The most noticeable difference between the two processes is an aesthetic one. As the names suggest, dull tin plating produces a matte finish with a dull, white surface. Bright tin plating, on the other hand, results in a finish that is more shiny and reflective. While bright tin plating may be more visually appealing, it is worth noting that it can become discoloured under exposure to high temperatures, tarnishing to a brown or black colour, while dull tin plating retains its original colour under similar conditions.
While both types of tin plating are essentially 100% pure tin, there are some additional organic elements in there, with the most common being carbon. Dull tin plating has less additives than its bright tin counterpart (around 0.005% to 0.05% by weight, compared to 0.1% to 1.0% by weight for bright tin). Conversely, bright tin has a smaller grain size than dull tin. This leads to a more uniform surface, which is what gives it its shiny appearance.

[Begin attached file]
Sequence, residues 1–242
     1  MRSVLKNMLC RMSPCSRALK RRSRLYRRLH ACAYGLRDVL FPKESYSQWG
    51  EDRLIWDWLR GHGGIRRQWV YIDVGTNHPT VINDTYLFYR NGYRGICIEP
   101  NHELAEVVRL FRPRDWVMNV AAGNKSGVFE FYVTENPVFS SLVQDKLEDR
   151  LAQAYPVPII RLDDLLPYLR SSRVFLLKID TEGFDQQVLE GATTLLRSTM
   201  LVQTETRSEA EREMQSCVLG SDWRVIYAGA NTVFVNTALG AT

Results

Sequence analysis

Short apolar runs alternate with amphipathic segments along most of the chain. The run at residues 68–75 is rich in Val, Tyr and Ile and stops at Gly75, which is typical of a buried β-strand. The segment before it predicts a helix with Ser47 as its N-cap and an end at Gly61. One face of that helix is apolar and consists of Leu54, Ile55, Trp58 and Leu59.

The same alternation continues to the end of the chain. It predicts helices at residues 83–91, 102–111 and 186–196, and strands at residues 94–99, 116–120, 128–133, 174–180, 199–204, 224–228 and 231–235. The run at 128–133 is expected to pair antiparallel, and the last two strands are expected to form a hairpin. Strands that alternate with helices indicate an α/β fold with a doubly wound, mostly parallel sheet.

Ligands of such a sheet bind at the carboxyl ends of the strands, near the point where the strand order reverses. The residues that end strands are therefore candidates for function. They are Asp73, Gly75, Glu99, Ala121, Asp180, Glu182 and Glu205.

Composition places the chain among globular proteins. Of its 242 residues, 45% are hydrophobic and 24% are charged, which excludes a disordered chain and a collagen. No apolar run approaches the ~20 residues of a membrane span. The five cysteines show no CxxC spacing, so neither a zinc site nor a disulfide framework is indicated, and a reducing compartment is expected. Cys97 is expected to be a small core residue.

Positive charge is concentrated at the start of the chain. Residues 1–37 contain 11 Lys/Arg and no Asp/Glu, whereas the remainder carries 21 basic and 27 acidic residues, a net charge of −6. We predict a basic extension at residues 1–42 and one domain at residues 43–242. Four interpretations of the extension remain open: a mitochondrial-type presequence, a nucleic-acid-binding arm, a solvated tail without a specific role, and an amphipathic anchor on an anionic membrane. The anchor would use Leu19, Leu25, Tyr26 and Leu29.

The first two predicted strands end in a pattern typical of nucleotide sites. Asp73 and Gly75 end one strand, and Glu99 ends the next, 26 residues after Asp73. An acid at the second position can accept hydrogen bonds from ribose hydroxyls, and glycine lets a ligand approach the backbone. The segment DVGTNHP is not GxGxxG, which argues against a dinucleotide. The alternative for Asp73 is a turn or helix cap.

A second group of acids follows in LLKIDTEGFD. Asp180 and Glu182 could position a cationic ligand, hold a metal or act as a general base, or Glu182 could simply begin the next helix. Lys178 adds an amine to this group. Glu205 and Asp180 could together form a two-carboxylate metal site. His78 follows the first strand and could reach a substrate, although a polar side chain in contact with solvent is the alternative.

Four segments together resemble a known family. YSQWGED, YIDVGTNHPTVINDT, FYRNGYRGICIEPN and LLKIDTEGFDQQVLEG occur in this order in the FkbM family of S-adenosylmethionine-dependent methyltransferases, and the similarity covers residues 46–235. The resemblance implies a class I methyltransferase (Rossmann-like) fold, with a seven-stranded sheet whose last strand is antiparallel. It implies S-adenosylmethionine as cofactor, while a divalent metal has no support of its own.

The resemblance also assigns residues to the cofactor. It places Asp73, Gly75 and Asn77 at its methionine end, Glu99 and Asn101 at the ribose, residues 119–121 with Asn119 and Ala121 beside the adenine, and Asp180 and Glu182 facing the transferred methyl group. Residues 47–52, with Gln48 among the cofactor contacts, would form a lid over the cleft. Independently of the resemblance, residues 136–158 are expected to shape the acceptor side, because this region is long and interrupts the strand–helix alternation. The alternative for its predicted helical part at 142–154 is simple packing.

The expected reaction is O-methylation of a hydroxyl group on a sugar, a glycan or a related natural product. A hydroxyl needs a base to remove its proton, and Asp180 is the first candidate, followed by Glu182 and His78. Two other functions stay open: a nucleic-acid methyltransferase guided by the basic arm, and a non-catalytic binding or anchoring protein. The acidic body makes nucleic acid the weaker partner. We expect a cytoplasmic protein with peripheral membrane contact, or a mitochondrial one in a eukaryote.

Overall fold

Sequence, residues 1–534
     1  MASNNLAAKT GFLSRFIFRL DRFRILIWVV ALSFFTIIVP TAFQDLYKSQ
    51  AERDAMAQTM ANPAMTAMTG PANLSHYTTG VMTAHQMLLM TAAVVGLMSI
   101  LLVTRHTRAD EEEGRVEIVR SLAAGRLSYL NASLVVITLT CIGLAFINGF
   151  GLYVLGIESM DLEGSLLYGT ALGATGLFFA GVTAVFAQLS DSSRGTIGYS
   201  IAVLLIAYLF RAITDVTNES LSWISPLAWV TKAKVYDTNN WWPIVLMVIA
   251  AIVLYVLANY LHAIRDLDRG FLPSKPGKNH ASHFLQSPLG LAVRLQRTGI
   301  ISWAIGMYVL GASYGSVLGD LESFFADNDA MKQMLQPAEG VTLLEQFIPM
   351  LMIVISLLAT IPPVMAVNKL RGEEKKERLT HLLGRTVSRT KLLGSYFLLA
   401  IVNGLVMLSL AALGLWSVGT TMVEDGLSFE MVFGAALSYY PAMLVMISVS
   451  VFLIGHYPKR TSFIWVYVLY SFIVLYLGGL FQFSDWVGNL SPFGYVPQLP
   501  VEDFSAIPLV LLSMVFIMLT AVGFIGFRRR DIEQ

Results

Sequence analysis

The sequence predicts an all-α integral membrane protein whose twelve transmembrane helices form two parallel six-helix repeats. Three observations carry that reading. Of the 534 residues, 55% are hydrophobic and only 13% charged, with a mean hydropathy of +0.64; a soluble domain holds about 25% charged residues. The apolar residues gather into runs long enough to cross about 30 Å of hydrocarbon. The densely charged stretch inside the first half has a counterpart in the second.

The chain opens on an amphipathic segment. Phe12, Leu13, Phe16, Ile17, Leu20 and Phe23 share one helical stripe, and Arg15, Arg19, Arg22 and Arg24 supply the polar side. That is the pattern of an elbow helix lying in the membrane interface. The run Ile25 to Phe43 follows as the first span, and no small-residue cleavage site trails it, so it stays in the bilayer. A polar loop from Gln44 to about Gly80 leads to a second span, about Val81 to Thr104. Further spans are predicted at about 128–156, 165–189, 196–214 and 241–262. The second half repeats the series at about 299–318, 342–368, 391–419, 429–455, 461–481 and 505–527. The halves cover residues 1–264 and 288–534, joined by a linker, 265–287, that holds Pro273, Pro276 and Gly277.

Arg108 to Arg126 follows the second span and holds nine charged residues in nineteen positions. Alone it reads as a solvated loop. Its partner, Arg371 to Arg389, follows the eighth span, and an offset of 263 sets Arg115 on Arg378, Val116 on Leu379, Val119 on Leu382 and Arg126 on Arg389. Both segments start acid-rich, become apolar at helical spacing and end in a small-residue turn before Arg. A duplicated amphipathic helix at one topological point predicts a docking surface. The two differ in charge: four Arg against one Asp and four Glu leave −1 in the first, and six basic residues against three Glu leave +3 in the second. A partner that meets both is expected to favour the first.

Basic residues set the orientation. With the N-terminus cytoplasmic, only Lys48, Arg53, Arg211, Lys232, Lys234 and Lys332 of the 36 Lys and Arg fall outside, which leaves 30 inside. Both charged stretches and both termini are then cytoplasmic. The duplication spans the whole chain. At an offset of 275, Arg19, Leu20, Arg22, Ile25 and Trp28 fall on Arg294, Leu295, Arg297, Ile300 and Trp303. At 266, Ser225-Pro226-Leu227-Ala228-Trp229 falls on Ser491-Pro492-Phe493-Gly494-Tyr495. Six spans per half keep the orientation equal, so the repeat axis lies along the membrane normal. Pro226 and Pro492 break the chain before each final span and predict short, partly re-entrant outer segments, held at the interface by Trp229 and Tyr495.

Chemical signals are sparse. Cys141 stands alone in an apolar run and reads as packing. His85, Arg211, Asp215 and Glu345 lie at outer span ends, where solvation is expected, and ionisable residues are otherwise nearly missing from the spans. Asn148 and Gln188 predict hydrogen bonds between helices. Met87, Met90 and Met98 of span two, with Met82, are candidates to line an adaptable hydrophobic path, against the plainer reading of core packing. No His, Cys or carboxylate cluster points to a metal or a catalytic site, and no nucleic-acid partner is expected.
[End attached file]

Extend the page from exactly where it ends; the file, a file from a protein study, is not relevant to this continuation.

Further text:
If your are plating components for reflow soldering under high temperatures (between 250°C and 260°C), then dull tin plating is ideal for your needs. It is also suitable with both lead alloys and lead-free solders. As mentioned above, bright tin often discolours under higher temperatures and the material stress it incurs can lead to it becoming brittle.
Whiskers are small, thin fibres of metal, microscopic in size, that can grow from tin plated surfaces. More common with the bright tin plating method, owing to its small grain size, whiskering is known to create short circuits between electrical components, resulting in electrical failures.